When I was invited to be on a panel for a conference in Buenos Aires, I thought ‘This could be interesting.’
I can not explain what an understatement that was.
Although Buenos Aires was the host, this conference was for all of Latin America and the people who work/live there. But really it was for everyone to listen, watch and learn from.
Takeaways are always difficult in conference but for me, it was easy: the people. The people who came to make a difference. There is a sense of oppression but not defeat. They want to move forward, grow and make differences for the next generation without ever forgetting their past. It was almost spiritual in that regard.
There were many fringe events around the talks – I and many others made new life-long friends thanks to this conference.
The speakers where diverse: by country, age, topic and message but all inspired. I struggled with my wifi (my fault) but I took notes. I don’t often share my notes word for word but for this conference there is an exception:
Jose Nun – lack of common sense is missing.
- Culture combines where art separates.
- Visitors coming to a museum is not enough. Globalisation of culture. Museums and interpretation and cultural policies – makes everything so much more complicated. Cultural policies needs to have a purpose usually created with political struggles. Long term objectives are needed.
- Disconnect between theory and practice- AMEN.
- Museums change lives – community, mammograms- museums as spaces. Museums used to tell local stories to ensure history not telling people but listening to them.
- Many stories shared of ‘normal’ people making changes to archive their current history. Museum people are ‘normal’ people and need to remember that! Not us vs them.
- Collaborative working.
- Don’t forget our past
- Dialogue with communities – crowd source memories. It’s not about a museum for the community but to make the community part of the museum.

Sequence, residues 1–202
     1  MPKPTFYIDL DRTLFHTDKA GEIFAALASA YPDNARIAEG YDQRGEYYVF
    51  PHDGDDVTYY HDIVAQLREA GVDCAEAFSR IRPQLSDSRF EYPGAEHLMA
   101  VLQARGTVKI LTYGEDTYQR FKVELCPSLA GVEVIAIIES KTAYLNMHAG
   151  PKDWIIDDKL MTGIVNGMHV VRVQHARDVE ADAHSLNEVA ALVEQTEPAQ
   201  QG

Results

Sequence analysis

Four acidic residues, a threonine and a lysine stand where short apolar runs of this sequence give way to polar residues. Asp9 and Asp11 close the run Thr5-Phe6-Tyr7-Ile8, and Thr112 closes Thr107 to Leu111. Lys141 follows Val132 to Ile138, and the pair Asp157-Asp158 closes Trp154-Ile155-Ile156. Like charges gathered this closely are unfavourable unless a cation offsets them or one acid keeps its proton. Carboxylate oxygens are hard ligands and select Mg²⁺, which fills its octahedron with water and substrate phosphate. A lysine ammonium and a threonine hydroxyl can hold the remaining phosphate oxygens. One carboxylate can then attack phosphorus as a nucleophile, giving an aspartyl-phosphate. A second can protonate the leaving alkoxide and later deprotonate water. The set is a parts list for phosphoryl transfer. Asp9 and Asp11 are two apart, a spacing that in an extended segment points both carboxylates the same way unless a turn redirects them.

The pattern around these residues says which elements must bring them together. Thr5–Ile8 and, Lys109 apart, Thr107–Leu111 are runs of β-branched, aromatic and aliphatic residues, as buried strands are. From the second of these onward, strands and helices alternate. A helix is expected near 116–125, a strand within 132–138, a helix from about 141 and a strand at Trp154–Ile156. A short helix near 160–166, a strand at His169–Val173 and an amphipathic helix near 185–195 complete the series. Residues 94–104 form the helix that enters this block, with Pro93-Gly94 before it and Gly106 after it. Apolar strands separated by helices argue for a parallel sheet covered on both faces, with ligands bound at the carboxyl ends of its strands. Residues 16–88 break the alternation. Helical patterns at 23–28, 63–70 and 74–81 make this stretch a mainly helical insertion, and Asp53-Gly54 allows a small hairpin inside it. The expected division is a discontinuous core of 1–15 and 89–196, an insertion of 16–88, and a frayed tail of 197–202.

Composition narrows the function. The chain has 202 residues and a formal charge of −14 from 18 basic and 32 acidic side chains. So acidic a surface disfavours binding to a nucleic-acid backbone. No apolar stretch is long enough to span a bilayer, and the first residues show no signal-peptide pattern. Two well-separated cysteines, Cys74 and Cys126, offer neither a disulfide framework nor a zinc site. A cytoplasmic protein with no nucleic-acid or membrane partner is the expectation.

- New processes needed.
My own notes to myself before and during the conference (and things I kept tiringly repeating like a broken record)
- Museum of procrastination
- Experience economy
- Theatre – look for inspiration.
- Listen act
- Ask for forgiveness not permission
- Non visitors just as important
- Money and politics issues internationally but don’t let that stop you from being creative. Common denominator
- Emotive over academic.
- Always ask why when told no. Often they don’t know why.
After a while I just stopped with the notes and went with listening (for those who know me know that tweeting, sharing, doing is more my speed!).
I was honoured to speak on a panel with wonderful museum people including Luis Marcelo Mendes, Guadalupe Requena, Margot Lopez, and Rob Stein where we discussed branding, digital/social communications. I’m hoping Luis shares the slides at some point.
Additionally I was asked to run a MuseumCamp and help facilitate a manifesto for the conference. The latter proved most challenging. Day one NO ONE submitted a thought for the manifesto. But day two we had 92 (and randomly one email) submitted. But by Day three we couldn’t stop them coming in!
Me and my two volunteers Mariel Breuer and German Paley sorted through each and every submission (they had the harder job of translation). Not one submission was ignored. Early on we started to see a few themes and soon we have ten key topics with sub-topics underneath.
We presented these ten topics and challenged with conference people to come up with one statement for the manifesto that related to the topic. This was after all, a manifesto for the conference FROM the people, not from a committee. It was a risk I took in hoping they would understand but after the first day of talking to people I knew they would hunger for it. And they did. Some discussions were more … vocal and passionate then others but by the end of our session we created a draft Manifesto of ten key points for the museums (ok, so some of the points need to be a bit polished but it’s something there that is workable!).
I am very proud to have been part of Reimagine The Museum 2015 and look forward to seeing this community and advocacy grow. The discussions HAVE to continue for all the work to be worthwhile and I don’t see the Latin American people allowing it to ever stop growing now.
There are many people to thank but first and foremost goes to the Reimagining The Museum committee including the lovely Ana van tuyll who somehow managed to always remain calm throughout the whole process. I’m also very thankful to Americo Castilla – who has a vision and passion that I can only call a kindred spirit…
Additionally, I need to thank the volunteers, many of whom spent their own money to come and be part of the conference. I loved working with them and learn so much from them.
For a Storify/Collection of of Tweets see here
For pictures, please see TYPA’s Facebook page
Bring on #ElMuseoReimaginado 2016 – but meanwhile – lets keep the conversation, dialogue and movement going!
NB: I want to thank Anabelle Castaño who was a brilliant tour guide for me on several occasions! Thanks also to Rob Stein and Seb Chan – two of the best conference friends who put up with my lost ways.